Separating the art from the artist, today more than ever, is a very hard task to do in the social media era. When a beloved star can instantly express their controversial opinions via twitter a contrarian like Kanye West can quickly push people’s buttons and disrupt minds by manipulating popular and sensitive social opinions and ideologies. Whether a high stakes Andy Kaufman-like performance art piece, a subversive Machiavellian take over scheme, or just honest shocking personal truth Kanye has sent a shock wave through the public conscious and successfully aimed all energy and attention towards himself and his GOOD Music collaborators. Potentially playing up his mental instability (possibly as a future scapegoat for his antics) Kanye delivers a very personal 7 song opus, choosing to omit all political content and refusing to answer any of the questions he raised on his month early twitter spree when wearing a MAGA hat and showing right wing support in a country more divided than ever.
‘Yikes’ plays into the imagery and message of the cover art on ‘ye’ with lyrics suggesting psychedelic drugs, ‘trolling OD’, and his bi-polar disorder positioned as a super power. Sonically ‘ye’ is an amalgamation of a large portion of West’s previous LP’s. ‘All Mine’ is eerily simplistic, vulgar and carnal, easily a missing link in the ‘Yeezus’ sessions. ‘Yikes’ has samples chopped and looped ‘College Dropout’ style with 808s and drums straight from ‘Pablo’. ‘No Mistakes’ -featuring a hypnotic hook from frequent collaborator and soul mentor Charlie Wilson- and ‘Wouldn’t Leave’ sound fresh from the ‘Dark Fantasy’ sessions. ‘Ghost Town’ features some of Kanye’s best singing to date, this track plays as a sort of preview to the Cudi and Kanye collabo and features some of the best hooks and melodies on the entire record. 070 Shake steals the show with the most memorable section of the song, a sing-a-long outro that sticks in the listeners head instantaneously. ‘Violent Crimes’ plays as a ‘Late Registration’ hidden gem, keys and chord progressions attune to the blend of classic Kanye and Jon Brion.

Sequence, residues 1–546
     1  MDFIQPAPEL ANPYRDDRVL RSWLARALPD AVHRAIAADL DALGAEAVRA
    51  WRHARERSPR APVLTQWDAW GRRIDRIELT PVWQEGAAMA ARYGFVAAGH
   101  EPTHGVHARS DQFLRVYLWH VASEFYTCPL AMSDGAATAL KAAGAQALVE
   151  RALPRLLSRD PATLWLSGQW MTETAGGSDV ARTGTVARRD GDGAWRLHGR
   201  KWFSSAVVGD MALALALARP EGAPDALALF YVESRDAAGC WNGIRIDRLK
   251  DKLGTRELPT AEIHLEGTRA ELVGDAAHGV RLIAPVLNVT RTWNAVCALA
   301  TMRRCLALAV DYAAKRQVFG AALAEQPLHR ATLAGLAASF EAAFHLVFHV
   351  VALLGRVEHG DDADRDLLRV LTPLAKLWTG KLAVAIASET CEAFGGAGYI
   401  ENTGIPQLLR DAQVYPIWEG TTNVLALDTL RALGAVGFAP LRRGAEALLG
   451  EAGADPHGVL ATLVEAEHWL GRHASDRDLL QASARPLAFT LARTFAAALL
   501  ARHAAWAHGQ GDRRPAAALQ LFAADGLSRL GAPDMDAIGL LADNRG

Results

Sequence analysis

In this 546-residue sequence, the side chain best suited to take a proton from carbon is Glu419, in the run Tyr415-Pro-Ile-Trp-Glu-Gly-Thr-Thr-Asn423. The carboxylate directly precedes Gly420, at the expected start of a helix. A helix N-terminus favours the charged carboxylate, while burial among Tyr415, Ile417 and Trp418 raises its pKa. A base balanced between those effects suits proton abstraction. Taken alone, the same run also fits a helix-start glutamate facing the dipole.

Aside from the media storm Kanye created before releasing the album, music alone, ‘ye’ is a great album one many would consider an EP but the envelope pushing Kanye is known for would argue ‘what constitutes an album?’. In the 80s ‘The Time’s’ first 3 albums were only 6 tracks each. Only time will tell how the public accepts an artist, an icon in actuality, who hurts a majority of his fan base’s feelings with the thoughts of his personal life purposefully thrust into the public, will we be able to look at his art the same? Will he be able to reel those he lost back in? Is there any form of closure he can do to repair the ‘damage’? Or is Kanye bigger than all of this? Perhaps this was a show of his true power like the ‘Famous’ video showing politics and celebrity as one on the same plain maybe Kanye has to answer to no one and we truly will make exceptions for our musical elite no matter what their transgressions are.